|The Bulldog Breed|
UK Quad poster
|Directed by||Robert Asher|
|Produced by||Hugh Stewart|
|Written by||Henry Blyth|
|Music by||Philip Green|
|Edited by||Gerry Hambling|
|Distributed by||Rank Film Distributors|
The Bulldog Breed is a 1960 British comedy film starring Norman Wisdom and directed by Robert Asher.
Norman Puckle (Norman Wisdom), a well-meaning but clumsy grocer's assistant, cannot seem to do anything right. After being rejected by Marlene, the love of his life, he attempts suicide, but cannot even do that. He is saved from jumping off a cliff at "Lover's Leap" by a Royal Navy petty officer. He persuades Puckle to join the Royal Navy, where he will meet "lots of girls".
Life in the Navy proves not to be as rosy as described, and Puckle fails at every task during basic training. But despite this, he is regarded by the Admiral in charge of a rocket project to be a "typical average British sailor", and chosen to be the first man to fly into outer space in an experimental rocket.
Puckle fails at every stage of his training and is court-martialled, but successfully pleads for a final chance to prove himself. By accident, he takes the place of an astronaut and leaves Earth in the rocket. Equally by accident, he manages to return. He crash-lands on a Pacific island and ends up in the arms of a compliant local maiden.
The film features early appearances by future British film stars Michael Caine and Oliver Reed who share a scene together with Wisdom. It takes place in a cinema lobby, where Norman gets into a fight with a gang of Teddy Boys (one of which is played by Reed), only to be helped by some sailors, who include Caine.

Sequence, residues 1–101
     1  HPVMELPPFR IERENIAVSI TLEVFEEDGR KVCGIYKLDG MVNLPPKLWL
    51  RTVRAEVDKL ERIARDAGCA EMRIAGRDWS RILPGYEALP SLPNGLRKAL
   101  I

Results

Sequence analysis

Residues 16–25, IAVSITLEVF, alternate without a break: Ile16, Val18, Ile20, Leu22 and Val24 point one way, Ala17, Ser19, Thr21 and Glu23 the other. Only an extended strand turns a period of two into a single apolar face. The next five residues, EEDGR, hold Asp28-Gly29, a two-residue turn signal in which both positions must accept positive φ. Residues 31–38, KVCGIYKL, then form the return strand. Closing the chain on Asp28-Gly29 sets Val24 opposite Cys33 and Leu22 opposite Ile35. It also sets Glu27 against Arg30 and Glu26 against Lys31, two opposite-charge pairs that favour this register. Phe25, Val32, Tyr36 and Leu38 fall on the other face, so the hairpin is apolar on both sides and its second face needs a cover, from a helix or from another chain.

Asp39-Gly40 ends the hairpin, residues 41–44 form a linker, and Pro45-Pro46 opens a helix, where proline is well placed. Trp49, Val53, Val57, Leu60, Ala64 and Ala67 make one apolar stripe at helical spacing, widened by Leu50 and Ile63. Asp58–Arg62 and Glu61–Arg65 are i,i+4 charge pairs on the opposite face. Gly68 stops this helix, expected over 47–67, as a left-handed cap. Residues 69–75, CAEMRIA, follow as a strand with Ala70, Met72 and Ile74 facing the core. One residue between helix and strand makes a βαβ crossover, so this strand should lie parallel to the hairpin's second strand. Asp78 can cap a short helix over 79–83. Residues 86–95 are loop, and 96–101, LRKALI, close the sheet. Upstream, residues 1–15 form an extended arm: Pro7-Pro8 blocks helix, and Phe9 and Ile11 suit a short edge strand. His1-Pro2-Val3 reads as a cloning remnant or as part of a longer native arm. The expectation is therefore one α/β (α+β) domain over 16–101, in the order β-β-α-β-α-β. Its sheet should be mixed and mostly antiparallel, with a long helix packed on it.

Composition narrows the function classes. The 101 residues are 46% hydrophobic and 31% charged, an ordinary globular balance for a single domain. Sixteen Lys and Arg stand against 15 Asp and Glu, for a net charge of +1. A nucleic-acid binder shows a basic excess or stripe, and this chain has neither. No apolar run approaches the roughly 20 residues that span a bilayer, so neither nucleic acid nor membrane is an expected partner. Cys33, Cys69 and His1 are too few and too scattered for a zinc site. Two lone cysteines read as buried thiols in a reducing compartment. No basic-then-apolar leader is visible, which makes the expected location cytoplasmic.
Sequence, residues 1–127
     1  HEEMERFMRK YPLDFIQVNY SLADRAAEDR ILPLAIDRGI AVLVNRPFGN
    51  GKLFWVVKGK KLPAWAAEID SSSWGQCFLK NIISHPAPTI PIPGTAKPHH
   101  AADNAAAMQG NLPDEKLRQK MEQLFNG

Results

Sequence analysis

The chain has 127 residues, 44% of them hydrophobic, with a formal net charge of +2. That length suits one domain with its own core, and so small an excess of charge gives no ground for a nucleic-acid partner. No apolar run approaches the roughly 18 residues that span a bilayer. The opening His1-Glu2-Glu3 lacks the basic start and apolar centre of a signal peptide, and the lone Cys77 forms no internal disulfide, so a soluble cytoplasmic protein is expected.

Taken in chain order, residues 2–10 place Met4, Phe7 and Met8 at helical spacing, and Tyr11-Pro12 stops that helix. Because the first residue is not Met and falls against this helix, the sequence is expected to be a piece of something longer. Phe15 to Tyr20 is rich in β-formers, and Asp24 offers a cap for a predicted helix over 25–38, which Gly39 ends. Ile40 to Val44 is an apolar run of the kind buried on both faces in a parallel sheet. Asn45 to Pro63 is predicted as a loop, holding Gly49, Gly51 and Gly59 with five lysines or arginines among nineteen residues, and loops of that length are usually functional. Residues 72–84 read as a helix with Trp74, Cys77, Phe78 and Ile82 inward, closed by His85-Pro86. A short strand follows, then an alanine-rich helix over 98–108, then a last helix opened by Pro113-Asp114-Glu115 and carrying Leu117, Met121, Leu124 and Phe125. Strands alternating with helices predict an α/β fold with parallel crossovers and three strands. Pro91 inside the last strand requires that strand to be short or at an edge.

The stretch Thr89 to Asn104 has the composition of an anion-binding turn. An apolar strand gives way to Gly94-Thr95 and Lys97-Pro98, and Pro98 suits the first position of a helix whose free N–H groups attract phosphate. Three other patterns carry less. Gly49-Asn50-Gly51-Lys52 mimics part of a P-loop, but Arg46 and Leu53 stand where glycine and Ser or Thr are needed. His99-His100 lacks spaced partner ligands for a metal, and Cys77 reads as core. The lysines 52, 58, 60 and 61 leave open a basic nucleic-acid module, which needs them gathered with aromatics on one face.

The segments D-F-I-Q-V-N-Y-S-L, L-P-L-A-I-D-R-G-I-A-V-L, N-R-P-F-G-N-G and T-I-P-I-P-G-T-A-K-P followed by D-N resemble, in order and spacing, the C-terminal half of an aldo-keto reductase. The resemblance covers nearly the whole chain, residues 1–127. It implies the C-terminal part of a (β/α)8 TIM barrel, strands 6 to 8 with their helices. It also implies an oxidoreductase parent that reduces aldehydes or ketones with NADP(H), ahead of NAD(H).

Coronation Street actors Johnny Briggs and William Roache, later to play the roles of Mike Baldwin and Ken Barlow respectively, also had small roles.
The film was made with co-operation from the Royal Navy, and features several of the Type 14 Blackwood-class frigates. An early scene shows a flotilla of these small frigates sailing out of Portland harbour, led by HMS Murray (F91).
Variety wrote, "the film stands or falls by Wisdom and though the actor, as always, seems to be trying rather too hard, his general good humor and energy carry him through the various situations entertainingly...Wisdom is surrounded by some very capable performers, notably Ian Hunter as the pompous admiral and Edward Chapman as an even more pompous character."
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